When Africa needs medicines, all too often the continent must look abroad.
African nations consume about 25% of vaccines produced globally, but import nearly 99% of their supply, according to the African Union Development Agency. For packaged medicines, only 36% of demand is produced locally, and just 3% is supplied by regional trade, according to the World Economic Forum.
Of the roughly 600 manufacturers of packaged medicines operating on the continent, South Africa’s Aspen Pharmacare is one of the largest, with more than 9,000 employees in over 50 countries. CEO Stephen Saad discussed the future of the pharmaceutical sector in Africa, and what lessons Aspen Pharmacare has learned from the Covid-19 pandemic, with CNN’s Eleni Giokos.
The following interview has been edited for length and clarity.
During the pandemic, we’ve seen a spotlight on the inequalities that exist on the continent in the pharmaceutical sector. Aspen has had a very strong commercial presence across Africa and now you’re moving up the value chain. Certainly Covid has catalyzed a lot of work that you’re doing. Tell me what you’re up to.
Saad: You mentioned inequalities. [Covid] really sparked the world’s attention to say, ‘Hey, this doesn’t seem right.’ We were very proud to be able to deliver vaccines to the continent in the quantities that we did, but the reality of Covid was that Africa didn’t get vaccinated. But what we’ve learned — whether it was Aids or multi-drug-resistant TB — is that we have to be strong regionally. We have really doubled down and instead of saying, ‘Look we’ve lost the Covid vaccine volumes and so we’re closing up,’ we’ve actually put [in] even more capacity. We’re committed to one person one vaccine in Africa and we’re working very hard towards that process.
If I had to ask you to describe what the pharmaceutical sector looks like right now in Africa, what would your answer be?
The answer is simple. When Covid came and Africa needed vaccines, over 90% of the vaccines were supplied by India — and that wasn’t great. At the end of the day, you can’t ask politicians from other countries to supply someone else before them. I don’t think anybody wants Africans to suffer, but the reality is when the borders close, whether it was Europe or India, they looked after their own population first. If it hadn’t been for Aspen, there would have been no vaccines made in Africa for the continent.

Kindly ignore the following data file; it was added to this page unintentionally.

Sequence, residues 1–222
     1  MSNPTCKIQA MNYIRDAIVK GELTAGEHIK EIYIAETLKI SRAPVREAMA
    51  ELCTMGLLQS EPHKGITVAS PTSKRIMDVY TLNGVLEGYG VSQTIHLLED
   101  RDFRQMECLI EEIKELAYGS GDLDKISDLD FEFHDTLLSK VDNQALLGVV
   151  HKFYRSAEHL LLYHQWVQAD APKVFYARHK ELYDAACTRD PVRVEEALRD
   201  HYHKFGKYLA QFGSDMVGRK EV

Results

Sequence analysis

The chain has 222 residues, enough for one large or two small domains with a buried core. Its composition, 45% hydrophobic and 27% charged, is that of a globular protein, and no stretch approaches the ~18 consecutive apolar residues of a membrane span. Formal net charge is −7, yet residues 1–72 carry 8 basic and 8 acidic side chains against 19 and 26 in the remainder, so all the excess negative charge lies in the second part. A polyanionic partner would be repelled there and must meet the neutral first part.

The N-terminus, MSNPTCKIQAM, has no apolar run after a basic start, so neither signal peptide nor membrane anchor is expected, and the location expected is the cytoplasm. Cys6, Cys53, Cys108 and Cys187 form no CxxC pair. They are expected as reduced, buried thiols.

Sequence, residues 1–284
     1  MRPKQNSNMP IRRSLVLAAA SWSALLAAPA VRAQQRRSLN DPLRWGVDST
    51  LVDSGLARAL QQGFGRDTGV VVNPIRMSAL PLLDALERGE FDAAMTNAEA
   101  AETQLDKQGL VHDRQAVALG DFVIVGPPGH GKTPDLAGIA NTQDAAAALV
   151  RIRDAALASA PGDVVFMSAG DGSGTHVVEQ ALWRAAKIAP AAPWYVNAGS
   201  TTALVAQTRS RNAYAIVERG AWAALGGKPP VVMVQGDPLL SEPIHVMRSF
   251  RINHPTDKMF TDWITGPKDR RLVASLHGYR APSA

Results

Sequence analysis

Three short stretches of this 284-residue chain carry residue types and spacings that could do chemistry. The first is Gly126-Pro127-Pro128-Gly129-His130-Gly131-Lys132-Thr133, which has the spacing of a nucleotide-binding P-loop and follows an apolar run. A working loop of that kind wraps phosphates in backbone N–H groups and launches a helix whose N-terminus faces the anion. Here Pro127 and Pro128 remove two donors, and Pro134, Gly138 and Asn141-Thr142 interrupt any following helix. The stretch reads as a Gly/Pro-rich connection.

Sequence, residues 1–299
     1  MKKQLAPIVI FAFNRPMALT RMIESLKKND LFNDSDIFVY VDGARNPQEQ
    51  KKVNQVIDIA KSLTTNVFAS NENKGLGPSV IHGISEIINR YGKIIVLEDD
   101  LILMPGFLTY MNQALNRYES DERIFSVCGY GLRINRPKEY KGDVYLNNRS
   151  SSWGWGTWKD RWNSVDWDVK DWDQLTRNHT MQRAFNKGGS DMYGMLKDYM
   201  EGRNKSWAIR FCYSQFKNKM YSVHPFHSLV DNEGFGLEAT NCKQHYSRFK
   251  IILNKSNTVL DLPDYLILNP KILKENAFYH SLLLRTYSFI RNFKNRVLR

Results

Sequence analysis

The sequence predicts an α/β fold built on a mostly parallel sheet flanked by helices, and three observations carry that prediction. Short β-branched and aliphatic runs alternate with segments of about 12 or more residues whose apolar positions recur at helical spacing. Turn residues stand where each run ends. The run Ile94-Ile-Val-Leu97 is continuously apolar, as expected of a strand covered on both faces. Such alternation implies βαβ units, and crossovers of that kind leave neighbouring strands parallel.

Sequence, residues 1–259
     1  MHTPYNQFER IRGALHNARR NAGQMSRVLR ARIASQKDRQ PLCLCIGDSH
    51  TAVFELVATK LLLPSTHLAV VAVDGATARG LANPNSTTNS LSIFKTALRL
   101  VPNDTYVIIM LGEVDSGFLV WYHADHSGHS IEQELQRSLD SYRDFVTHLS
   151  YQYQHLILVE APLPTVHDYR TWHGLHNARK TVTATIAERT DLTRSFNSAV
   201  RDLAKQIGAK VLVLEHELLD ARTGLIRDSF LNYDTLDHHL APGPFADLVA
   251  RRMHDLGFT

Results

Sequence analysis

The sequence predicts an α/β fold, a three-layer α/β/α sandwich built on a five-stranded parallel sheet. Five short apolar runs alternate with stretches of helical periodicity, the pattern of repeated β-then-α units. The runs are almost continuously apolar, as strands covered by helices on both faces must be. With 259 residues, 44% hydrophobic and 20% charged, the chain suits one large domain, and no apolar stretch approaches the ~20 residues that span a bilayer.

There’s a lot of money going into it now, there’s a lot of investment, there are many initiatives — many of them government-driven. We, off our own bat, have decided that we want to be a source not just of vaccines but biologicals — we would really like to be assisting in oncology, diabetes. We’ve got a lot that we would like to do across the continent to make sure we get access, because there are so many diseases that are just so under-serviced.
The World Trade Organization has done a lot on the policy front for Africa. The Continental Free Trade Area will hopefully make it a lot easier for cross-border trade in the pharmaceutical space. What challenges do you face?
There are numerous challenges. We have facilities in Accra [Ghana], Dar-es-Salaam [Tanzania], Nairobi [Kenya] … It is not always easy to get registrations approved. You decide not to put medicine in Kenya, for example, because of the cost of registration and the time taken. Whereas if it was already registered, we’d be exporting manufacturing into one of those territories.
It’s not so much a tariff issue or a trade issue, this is really a regulatory issue, where your medicine is required to be registered in a specific country in a specific way. For example, you can register a product across Europe [via] a central regulatory body. I think that is something that Africa should also consider.
Even though you say you’re doing good, you still have to make money. How do you balance out all of these factors?
There is this [misconception] that for you to supply cost-affordably means that it’s not very profitable. So much is about economies of scale. I remember when we did ARVs [antiretrovirals, used to treat HIV] and we were desperately trying to cut the price by nearly 90%. We got some fantastic pricing from everyone, but we still made a loss. The decision we made was, let’s go for it. At worst we would have a pretty expensive social investment project, but we backed ourselves that with increased volumes we would be able to reduce pricing. That’s what happened — the volumes came in, the prices, the technologies, and it became affordable. So sometimes you just have to go in and do it. I can’t tell you it was an exact science, but I do believe there’s a balance to be had.
I do think the world acknowledges that there are people that can pay and there are people that can’t pay. To deny people that can’t pay simply because they don’t have money is not a model that’s sustainable.